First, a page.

When you have heart disease: What you should know about lowering your LDL cholesterol
What should you know about cholesterol?
Cholesterol is carried in the blood by lipoproteins:
- Low-density lipoproteins, or LDL, carry most of the cholesterol in the blood. LDL is called bad cholesterol. It can stick to the walls of arteries and lead to a build-up of fatty plaque.
- High-density lipoproteins, or HDL, help the body get rid of LDL. HDL is called good cholesterol. A high level of HDL is linked with a low risk for heart disease.
Triglycerides are another fat in the blood. A high level of triglycerides may damage blood vessels and increase the risk for heart disease.
Why is the LDL level so important?
Most people with heart disease have too much LDL cholesterol. LDL is the main cause of blockage in the arteries. To lower your risk for future heart attacks, the most important thing you can do is lower your LDL level.
How should your cholesterol be checked?
People with heart disease need more than a "finger-stick" blood check. You will need a blood test called a lipoprotein profile. This test will break down your total cholesterol number into HDL, LDL, and triglycerides. You will need to fast – nothing to eat or drink except water – for 9 to 12 hours before this test.
What should your numbers be?
The latest guidelines show that if you have heart disease:
- Ideally, your LDL level should be 100 or less. Any decrease in your LDL will help decrease your risk.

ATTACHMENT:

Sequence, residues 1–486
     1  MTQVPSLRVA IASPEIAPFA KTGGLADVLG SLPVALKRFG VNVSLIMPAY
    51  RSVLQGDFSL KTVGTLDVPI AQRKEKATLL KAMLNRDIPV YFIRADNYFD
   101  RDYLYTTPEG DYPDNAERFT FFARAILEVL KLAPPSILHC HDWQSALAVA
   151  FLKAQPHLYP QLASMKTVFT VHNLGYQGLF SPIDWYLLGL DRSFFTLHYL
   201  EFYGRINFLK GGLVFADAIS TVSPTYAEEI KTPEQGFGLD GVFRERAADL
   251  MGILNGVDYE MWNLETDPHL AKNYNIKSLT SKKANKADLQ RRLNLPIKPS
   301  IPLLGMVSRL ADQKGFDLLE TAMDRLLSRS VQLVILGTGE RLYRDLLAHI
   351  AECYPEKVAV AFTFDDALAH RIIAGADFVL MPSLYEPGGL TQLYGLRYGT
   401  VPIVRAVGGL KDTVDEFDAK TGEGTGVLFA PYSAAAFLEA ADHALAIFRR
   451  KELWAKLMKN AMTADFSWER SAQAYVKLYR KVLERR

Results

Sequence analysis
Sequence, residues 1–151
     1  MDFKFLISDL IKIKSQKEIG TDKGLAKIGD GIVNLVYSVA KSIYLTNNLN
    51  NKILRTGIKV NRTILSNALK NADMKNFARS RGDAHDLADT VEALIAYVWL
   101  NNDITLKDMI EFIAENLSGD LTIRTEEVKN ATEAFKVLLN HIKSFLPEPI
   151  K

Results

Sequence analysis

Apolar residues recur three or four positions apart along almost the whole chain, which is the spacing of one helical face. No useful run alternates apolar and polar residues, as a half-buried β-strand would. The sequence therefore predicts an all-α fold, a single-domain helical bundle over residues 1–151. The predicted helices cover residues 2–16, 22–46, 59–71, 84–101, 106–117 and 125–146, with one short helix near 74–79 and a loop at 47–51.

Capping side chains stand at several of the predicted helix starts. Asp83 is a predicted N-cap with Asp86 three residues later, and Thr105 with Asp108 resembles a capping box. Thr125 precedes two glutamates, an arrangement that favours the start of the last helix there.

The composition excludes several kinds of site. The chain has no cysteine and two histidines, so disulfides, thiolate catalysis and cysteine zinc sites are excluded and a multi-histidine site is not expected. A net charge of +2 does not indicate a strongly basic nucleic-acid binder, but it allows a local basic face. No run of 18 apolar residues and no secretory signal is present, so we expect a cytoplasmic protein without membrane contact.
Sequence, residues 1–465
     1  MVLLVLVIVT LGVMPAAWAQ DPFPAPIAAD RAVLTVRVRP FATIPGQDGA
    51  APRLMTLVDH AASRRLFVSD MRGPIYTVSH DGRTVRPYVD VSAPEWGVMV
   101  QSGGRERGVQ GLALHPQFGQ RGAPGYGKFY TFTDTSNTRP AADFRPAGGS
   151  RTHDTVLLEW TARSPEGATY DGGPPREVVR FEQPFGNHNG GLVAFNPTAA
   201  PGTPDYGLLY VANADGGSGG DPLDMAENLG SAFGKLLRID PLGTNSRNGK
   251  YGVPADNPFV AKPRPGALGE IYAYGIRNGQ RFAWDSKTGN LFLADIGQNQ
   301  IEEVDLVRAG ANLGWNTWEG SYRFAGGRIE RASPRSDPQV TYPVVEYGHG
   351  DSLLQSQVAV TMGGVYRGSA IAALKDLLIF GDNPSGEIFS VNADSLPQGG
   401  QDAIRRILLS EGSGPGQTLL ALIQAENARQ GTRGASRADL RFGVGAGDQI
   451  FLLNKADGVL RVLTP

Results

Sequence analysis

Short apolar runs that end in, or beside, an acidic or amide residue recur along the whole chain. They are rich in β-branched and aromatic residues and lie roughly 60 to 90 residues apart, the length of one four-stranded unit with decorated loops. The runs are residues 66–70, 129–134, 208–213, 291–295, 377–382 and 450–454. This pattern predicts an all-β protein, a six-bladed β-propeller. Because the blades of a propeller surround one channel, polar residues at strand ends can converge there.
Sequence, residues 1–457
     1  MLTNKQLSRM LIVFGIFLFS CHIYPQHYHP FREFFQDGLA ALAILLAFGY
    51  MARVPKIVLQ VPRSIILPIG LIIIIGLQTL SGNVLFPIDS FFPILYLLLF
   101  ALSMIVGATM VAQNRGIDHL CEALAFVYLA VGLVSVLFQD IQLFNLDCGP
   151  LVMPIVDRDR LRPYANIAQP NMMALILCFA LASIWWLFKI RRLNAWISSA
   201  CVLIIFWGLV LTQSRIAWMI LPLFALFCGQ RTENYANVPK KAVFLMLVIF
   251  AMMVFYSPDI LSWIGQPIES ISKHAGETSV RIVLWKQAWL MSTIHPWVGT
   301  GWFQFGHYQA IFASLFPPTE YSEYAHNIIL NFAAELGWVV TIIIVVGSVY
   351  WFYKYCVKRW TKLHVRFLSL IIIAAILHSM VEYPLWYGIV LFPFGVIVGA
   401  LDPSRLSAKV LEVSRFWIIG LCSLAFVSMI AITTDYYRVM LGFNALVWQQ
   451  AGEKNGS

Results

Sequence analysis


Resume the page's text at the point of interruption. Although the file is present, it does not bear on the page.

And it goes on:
- Your HDL level should be above 40 if you are a male, and above 50 if you are a female.
- Your triglyceride level should be below 150.
What can you do to lower your LDL?
Take medication as prescribed. Your health care provider may prescribe medications that can lower your cholesterol by changing how your liver makes cholesterol. When you start taking the medication, you will be asked to have blood work to measure your progress and to watch for side effects.
Follow a low-fat meal plan, even if you take cholesterol-lowering medication. Eat more fruits, vegetables, and whole grains. Limit fats (especially saturated fat), meats, and high-fat dairy products.
Exercise regularly. Physical activity can help lower your LDL and raise your HDL. It can also improve your heart and lung fitness and help you control your blood pressure, weight, and stress levels. Be sure to consult your health care provider before starting a new program.
Manage your weight. People who are overweight usually have higher blood cholesterol levels than people whose weight is normal. A low-fat meal plan and exercise should put you on the right track for weight control.
- National Heart, Lung, and Blood Institute
- American Heart Association
- Locate cholesterol management events or classes online.